(Un)welcomed return of JFK 22R

As of today, JFK air traffic controllers have switched from the combined used of 22L and 13L for arrivals, to 22L/R full time.

What does this mean?  Remember how terrible the noise and air was in April (just before runway reconstruction)?  It will be worse than that.  22R was modified wider and longer to accommodate the heavies.

Good luck getting any rest going forward, and prepare your lungs to inhale the particulate matter emitted from the aircrafts above from now until Congress figures out how to stomp out NextGen (not likely).  Problem is, the airline industry has powerful lobbyist (Global Gateway Alliance) who are fighting very hard to keep NextGen alive.  Corrupted officials’ wallets are getting heavier, while Autism runs rampant on the Island.

Goodbye to your welfare, and good luck.

http://www.ny1.com/nyc/queens/news/2015/09/28/port-authority-reopens-runway-at-jfk-after-makeover.html

United Airlines Chief made deals with PANYNJ officials for favors

Jeff Smisek, CEO of United Continental Holdings, was fired this week. It appears he was making deals with public officials (specifically the Chairman of the Port Authority of New York and New Jersey) to keep personally favored flights of politicians in the air, even when unprofitable, in a quid-pro-quo exchange for government subsidies to move a taxiway and better airport transit.

Read more here:

http://www.forbes.com/sites/adamhartung/2015/09/11/smiseks-united-ouster-were-you-really-surprised/

Unusually Quiet Times

You’ve endured months years of; low flying, ear deafening, anxiety causing, crop dusting airplanes overhead 30-to-45 seconds apart for hours on end.  What feels like never ending arrivals onto runway 22L.  Then —all of a sudden— around the same time JFK Int’l Airport had begun reconstruction of runway 22R/4L, you’ve witnessed for the very first time in a very long time — quiet skies.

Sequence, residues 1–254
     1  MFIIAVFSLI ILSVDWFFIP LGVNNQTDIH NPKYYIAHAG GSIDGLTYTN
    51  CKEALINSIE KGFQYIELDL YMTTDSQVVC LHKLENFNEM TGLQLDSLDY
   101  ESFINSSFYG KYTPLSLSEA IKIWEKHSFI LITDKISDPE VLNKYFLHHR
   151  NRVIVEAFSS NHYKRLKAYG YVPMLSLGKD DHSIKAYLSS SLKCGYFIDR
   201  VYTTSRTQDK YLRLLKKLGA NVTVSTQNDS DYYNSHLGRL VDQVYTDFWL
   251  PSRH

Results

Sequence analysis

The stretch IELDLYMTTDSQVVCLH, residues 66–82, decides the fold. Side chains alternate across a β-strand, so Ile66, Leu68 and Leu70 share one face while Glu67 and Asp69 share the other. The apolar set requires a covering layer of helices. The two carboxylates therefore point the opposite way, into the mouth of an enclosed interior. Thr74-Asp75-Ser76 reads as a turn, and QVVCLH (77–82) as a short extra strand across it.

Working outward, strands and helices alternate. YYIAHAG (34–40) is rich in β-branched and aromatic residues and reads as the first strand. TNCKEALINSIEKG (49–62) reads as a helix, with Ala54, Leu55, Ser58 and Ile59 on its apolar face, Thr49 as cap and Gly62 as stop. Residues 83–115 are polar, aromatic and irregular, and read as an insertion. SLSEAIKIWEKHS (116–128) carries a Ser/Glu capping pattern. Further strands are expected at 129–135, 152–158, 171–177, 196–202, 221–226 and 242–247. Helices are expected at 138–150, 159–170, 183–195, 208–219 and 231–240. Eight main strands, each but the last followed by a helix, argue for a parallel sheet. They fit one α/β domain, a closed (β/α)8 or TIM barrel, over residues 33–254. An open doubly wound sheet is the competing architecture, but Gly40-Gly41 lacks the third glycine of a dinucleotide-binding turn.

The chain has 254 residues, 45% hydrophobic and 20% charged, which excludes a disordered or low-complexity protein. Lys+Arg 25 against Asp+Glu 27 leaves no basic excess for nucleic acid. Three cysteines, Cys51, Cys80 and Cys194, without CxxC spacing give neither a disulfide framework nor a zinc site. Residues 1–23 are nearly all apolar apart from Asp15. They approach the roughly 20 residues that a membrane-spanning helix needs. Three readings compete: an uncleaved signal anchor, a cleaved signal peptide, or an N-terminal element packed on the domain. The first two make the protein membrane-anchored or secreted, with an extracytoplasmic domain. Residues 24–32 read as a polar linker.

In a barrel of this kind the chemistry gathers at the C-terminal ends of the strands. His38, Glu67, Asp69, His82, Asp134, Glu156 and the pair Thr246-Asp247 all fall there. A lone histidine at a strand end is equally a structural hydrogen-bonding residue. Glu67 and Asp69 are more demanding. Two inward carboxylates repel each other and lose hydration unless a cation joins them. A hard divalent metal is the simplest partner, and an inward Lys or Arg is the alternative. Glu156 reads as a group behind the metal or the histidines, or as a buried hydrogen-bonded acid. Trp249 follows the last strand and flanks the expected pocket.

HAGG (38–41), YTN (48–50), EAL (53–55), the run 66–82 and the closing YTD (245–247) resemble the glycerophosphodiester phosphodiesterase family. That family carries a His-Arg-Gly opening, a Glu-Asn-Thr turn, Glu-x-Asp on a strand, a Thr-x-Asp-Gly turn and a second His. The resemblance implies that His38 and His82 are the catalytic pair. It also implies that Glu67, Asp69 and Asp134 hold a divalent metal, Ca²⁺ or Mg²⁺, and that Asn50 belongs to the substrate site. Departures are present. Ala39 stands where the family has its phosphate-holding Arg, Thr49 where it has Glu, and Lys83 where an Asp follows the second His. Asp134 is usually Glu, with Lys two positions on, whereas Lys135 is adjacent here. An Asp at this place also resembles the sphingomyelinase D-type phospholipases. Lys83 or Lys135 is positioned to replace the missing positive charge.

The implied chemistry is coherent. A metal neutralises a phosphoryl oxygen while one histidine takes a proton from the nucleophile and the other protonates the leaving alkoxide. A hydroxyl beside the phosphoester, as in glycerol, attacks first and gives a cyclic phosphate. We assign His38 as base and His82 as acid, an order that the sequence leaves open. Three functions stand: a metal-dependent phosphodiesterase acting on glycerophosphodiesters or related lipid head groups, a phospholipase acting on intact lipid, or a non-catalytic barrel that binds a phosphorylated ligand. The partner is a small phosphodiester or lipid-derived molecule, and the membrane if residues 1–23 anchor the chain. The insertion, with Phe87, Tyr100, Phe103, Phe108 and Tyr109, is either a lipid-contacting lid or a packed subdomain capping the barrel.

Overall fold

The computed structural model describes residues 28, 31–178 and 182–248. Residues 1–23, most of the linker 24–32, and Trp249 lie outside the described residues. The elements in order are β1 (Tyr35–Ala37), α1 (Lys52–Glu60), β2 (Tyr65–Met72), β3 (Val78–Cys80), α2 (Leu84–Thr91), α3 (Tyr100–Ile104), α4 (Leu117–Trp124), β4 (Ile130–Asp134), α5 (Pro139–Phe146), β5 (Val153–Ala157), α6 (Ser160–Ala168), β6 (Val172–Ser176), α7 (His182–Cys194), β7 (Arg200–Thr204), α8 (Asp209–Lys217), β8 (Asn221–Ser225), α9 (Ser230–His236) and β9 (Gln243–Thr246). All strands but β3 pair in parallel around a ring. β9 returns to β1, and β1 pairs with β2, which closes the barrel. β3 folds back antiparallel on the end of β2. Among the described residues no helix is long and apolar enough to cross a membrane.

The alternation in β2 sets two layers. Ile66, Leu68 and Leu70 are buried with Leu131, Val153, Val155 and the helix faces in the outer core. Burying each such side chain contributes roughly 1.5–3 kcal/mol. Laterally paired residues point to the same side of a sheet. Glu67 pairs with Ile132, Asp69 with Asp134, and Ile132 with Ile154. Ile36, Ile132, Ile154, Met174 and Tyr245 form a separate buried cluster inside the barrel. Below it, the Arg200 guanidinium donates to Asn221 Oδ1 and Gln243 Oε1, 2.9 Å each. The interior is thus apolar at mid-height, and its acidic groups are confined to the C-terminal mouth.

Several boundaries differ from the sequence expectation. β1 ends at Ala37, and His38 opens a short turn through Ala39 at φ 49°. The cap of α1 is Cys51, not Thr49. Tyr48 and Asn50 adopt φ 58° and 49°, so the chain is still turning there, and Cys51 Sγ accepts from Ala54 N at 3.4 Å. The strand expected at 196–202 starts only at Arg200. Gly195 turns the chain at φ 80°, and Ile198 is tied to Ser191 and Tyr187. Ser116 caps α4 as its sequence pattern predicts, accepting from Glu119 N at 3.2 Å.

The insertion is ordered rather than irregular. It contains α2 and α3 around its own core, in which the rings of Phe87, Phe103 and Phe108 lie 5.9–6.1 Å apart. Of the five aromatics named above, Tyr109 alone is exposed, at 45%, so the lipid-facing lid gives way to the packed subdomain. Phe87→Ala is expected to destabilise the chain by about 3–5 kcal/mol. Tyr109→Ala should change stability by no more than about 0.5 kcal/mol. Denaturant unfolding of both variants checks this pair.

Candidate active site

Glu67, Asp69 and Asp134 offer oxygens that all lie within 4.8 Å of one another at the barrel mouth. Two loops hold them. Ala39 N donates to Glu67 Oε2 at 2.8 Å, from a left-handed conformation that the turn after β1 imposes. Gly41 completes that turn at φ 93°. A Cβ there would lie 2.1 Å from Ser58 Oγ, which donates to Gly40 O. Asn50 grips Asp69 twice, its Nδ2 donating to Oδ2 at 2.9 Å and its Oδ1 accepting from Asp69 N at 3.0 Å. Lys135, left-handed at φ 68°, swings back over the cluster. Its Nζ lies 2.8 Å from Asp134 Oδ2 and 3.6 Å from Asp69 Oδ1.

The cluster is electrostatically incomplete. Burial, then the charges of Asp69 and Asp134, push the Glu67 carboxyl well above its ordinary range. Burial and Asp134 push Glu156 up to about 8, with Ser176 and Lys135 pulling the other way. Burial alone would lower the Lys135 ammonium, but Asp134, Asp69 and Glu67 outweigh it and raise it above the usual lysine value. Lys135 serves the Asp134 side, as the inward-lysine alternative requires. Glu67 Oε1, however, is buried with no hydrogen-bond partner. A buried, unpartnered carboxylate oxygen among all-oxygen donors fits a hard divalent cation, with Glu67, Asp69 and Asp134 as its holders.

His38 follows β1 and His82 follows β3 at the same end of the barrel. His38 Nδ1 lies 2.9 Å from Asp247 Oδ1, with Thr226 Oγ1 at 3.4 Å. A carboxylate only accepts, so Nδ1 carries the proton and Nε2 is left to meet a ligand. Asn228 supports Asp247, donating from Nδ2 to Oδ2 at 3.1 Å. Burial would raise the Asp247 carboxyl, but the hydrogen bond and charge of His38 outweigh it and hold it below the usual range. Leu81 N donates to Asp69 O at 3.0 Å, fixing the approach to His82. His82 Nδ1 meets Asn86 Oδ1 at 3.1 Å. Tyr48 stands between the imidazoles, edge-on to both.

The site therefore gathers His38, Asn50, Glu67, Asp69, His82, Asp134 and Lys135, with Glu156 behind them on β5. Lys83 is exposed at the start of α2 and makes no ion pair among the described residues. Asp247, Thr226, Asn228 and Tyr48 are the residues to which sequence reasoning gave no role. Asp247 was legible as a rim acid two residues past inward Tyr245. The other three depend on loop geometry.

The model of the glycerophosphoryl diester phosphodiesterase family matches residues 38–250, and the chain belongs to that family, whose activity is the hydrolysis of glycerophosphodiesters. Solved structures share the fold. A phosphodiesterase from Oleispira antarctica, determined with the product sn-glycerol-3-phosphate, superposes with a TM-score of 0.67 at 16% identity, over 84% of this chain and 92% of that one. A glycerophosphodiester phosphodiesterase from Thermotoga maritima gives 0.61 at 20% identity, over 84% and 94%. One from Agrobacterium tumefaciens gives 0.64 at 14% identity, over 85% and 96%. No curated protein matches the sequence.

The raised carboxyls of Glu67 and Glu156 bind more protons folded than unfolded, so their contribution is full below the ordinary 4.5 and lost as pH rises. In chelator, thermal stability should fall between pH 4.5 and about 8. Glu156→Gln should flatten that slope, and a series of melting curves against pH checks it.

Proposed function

And then you woke up.  But, it’s still quiet?!

What the what?!

You pinch yourself not once, not twice, but thrice.  You my friend, are not asleep.  This is real.  This is really happening.

The airplanes have finally ceased it’s raid over our homes.  The raids that frequently lasted for 72-hours straight, with maybe a 3-6 hour pause, and then back to another 24-48+ hour operation, have temporarily left the building.

Until now, the aerial assault that you never got used to — looked something like this:

every30

 

It has been explained by FAA officials that this configuration (22L & 22R arrivals + 31L departures) is used to increase efficiency, thereby reducing delays for arrival and departure operations.

Somebody, somewhere, swears that by forcing flights to make a gigantic U-turn over Nassau County, cutting across the island twice, made trips quicker for passengers, and also consumes less fuel for the airlines.  Mmm-hmm.  You can be the judge of that one.  Pictures are worth a thousand words!

There has got to be a good explanation, right?  Perhaps, it was due to extreme winds, or, a special event in NYC that’s pushing all of this travel demand!  Nope, this was a daily occurrence.  No anomalies.  Runway 22L was(is) selected as the runway of choice, regardless of; calm winds, strong winds, reindeers, tornadoes.

Now that reconstruction has taken a popular departure runway (22R) out of the mix, 22L has reverted back to it’s original role as THE OVERFLOW RUNWAY.

That’s right.  Historical runway configurations are now back in use.  Departures off 13R, arrivals into 13L, and overflow arrivals into 22L via the VOR/DME approach.

historical_approach

 

Is it because of the closed runway that JFK Air Traffic operations and the airlines have decreased volume to account for the foreseeable delays?  Nope.  The number of daily flight operations have remained the same, if not increased slightly.

Based on Real-Time delay indices, very quickly you will notice that delays while using the historical runway configuration (due to 22R/4L runway closure) are less when compared to what the FAA declare as the optimal configuration.  That’s not very efficient now, is it?

That’s right, delays are now virtually non-existent.

Does this make sense to you?

But don’t get used to it.  The construction work has been slated to run through September 22nd.  Once runway reconstruction has completed, you can bet the raids will continue where they left off at the end of April.

Thereby, adding another excuse that NextGen is needed to reduce these forced delays.

FAA/PANYNJ, who are you kidding here??